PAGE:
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Pelosi’s Policy Director to Step Down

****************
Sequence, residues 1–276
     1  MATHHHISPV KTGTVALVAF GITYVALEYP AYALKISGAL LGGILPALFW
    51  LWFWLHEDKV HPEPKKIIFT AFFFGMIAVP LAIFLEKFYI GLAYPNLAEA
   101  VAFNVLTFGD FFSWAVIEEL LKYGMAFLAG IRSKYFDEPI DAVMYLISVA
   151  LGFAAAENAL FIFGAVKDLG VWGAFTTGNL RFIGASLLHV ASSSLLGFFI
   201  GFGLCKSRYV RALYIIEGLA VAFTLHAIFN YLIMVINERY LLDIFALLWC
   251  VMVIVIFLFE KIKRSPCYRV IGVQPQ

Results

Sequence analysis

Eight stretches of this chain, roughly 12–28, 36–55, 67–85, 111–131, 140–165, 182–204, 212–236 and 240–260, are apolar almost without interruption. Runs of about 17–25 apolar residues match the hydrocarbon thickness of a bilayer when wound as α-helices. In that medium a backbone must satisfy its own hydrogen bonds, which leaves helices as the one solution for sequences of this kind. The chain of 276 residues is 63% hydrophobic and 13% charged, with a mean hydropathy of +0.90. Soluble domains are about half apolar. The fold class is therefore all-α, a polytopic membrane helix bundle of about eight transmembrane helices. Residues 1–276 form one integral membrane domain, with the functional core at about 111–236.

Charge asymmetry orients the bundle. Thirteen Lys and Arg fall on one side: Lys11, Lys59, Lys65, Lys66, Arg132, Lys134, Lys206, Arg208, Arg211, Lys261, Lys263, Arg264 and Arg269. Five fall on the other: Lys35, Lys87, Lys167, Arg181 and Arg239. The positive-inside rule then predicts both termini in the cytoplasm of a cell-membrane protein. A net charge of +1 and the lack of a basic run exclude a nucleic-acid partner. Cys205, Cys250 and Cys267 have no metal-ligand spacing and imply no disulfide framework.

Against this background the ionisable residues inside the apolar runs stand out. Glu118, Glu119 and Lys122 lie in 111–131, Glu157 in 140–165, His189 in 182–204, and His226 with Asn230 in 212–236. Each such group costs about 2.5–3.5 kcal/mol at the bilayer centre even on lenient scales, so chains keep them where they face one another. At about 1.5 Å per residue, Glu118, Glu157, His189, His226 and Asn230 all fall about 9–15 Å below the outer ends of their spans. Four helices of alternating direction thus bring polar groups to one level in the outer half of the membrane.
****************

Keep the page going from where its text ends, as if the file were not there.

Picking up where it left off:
Updated: 7:35 p.m.Speaker Nancy Pelosi (D-Calif.) announced Monday that Amy Rosenbaum, her policy director for the past four years, will step down in August.Rosenbaum, who will stay on through the fall as an adviser on health care reform legislation, will be replaced by Richard Meltzer, a former longtime House staffer with domestic and foreign policy experience. Most recently, Meltzer was a principal with the law firm Ernst & Young in Washington, D.C.Pelosi praised Rosenbaum for her work on clean energy jobs legislation and health insurance reform. “I am delighted that she has agreed to remain as an adviser on this critical legislation until it is signed into law,— Pelosi said in a statement.Meltzer earned a bachelor’s degree from the University of Rochester and a law degree from Northwestern University.Democratic leadership aides weighed in on Rosenbaum’s tenure in the House.“Amy is very well-respected by staff and Members. She has an enviable reach in the Caucus and breadth of policy knowledge. She will do great in whatever she decides to do next,— said Stacey Bernards, deputy chief of staff to House Majority Leader Steny Hoyer (D-Md.).Meltzer, who also served temporarily as Pelosi’s transition coordinator when Democrats reclaimed the majority in the 2006 midterm elections, has helped Washington Council reel in millions of dollars lobbying for a long roster of interests.Among the firm’s clients are a number with stakes in the ongoing debates over climate change, financial regulations and health care. This year alone, Meltzer is listed in Senate disclosure records as lobbying for a slew of energy interests (the American Public Gas Association, the Biomass Power Association, Climax Global Energy, Exxon Mobil Corp. and the National Hydropower Association, among others), financial services firms (including Charles Schwab & Co. Inc., Citigroup Management Corp., Fortress Investment Group and Pacific Capital Bancorp) and health care interests (the Biotechnology Industry Organization, Johnson & Johnson, the National Association of Public Hospitals and Health Systems, and the Health Care Service Corp.).Pelosi spokesman Brendan Daly said the Speaker tapped Meltzer for his knowledge of process and policy as a veteran staffer. As for whether Meltzer’s lobbying work would influence him in his new role, Daly said, “The positions of the Speaker are very clear and not in agreement with what his clients wanted. And that won’t change.—